In this news article, Brandon Mickens – who has been involved in buying and selling land for the past 15 years – looks at mistakes to avoid while buying farmland.
Are you looking to buy some farmland? Before you do that, you want to make sure that you are not going to rush headlong into a mistake that could cost you a lot of money.
There are a few things that you should keep in mind – read on to learn more.
Not Doing Due Diligence
It looks like you have found a great piece of land and the owner is ready to sell it to you.
You need to do some research, though. Otherwise, you could find yourself having the sale yanked out from under your feet at the last minute.
You do not want to find out late in the process that the seller does not have the necessary permits to sell the land.
Get all documents up front so that you can be sure to have them later if you are asked to produce them.
Not knowing the state laws
There are no uniform laws across the country when it comes to buying farmland. Each state has its own set of rules and regulations that you need to follow.
If you do not, then you could wind up having to pay costly fines.
It is a good idea to talk to an experienced realtor who has done this before in the state that you are getting the land.
Then they will be able to give you the best guidance to ensure that you are following the proper steps.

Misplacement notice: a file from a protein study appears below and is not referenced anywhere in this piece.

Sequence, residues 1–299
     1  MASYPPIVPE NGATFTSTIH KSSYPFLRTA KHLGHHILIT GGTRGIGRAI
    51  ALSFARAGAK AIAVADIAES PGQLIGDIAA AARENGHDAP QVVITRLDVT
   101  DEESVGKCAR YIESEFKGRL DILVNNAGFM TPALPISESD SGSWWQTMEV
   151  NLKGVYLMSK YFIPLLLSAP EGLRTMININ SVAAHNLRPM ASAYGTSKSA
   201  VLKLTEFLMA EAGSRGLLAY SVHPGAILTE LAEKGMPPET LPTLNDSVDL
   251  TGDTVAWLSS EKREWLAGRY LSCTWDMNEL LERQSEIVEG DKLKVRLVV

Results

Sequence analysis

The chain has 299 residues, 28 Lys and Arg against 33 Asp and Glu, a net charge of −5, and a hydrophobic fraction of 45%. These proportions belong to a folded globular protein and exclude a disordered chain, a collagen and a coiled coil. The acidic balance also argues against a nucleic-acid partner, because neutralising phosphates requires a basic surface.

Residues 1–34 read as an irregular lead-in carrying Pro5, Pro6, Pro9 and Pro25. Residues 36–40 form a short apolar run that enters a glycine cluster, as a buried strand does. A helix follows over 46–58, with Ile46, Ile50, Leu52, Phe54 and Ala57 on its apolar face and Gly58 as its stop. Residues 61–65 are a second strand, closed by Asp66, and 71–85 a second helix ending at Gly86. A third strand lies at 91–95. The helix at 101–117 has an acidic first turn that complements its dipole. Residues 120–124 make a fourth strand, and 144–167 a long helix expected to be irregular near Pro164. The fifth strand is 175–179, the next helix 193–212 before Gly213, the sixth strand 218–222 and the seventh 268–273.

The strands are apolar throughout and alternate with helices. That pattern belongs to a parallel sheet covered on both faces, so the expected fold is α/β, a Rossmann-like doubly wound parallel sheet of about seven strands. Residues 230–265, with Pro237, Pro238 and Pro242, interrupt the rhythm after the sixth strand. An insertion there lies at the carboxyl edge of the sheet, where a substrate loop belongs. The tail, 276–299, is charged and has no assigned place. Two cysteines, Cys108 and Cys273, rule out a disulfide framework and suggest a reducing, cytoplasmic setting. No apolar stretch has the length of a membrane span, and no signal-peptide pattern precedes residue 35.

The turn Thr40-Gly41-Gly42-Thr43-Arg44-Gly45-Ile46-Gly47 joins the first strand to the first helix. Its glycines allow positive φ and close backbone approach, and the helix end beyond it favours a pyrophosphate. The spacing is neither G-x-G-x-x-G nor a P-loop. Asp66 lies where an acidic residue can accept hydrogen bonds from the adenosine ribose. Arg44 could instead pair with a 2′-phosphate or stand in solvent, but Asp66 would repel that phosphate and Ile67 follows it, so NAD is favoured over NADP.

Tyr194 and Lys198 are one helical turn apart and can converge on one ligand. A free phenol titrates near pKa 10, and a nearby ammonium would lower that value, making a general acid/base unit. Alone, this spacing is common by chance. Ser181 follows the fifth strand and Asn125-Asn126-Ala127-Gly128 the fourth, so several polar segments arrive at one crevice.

Not testing your soil
The last thing that you want to do is to get farmland that is not fertile or has contamination issues.
That will impact the output of your crops. In some countries, potential buyers hire reputable people to do soil testing and cover yourself before paying your money for land that may not yield the things that you want or make it much more difficult than it should be.
Not having the land properly surveyed
You need to know the boundaries of the farmland that you are getting. Have a well-known surveyor do the job.
This way, you will have a concrete idea of what the true size is and whether a neighbour might be encroaching.
It would not look good to find that you are actually on part of someone else’s property. That could lead to a dispute that can be hard to rectify and could wind up involving the courts. Then you would have to pay a lawyer, and that is money out of your pocket.
Yes, you may be eager to get into the farming business, which may make you a little too quick on the draw when paying.
Do your research and see what the market is for the similar types of land that is in the area.
You might have to pay a tiny bit more if you wind up in a bidding war, but you will have a strong idea of what is an overpay and what is not.
What it all boils down to is that you need to spend time looking at various records and ensuring that the land is what you want. Trust your gut and know when to walk away. There is no harm in self-preservation.
Once you get the land that you want, you will be able to shift into your farming lifestyle. That will make everything worth it in the long run.
Take a look at farms for sale featured on That’s Farming.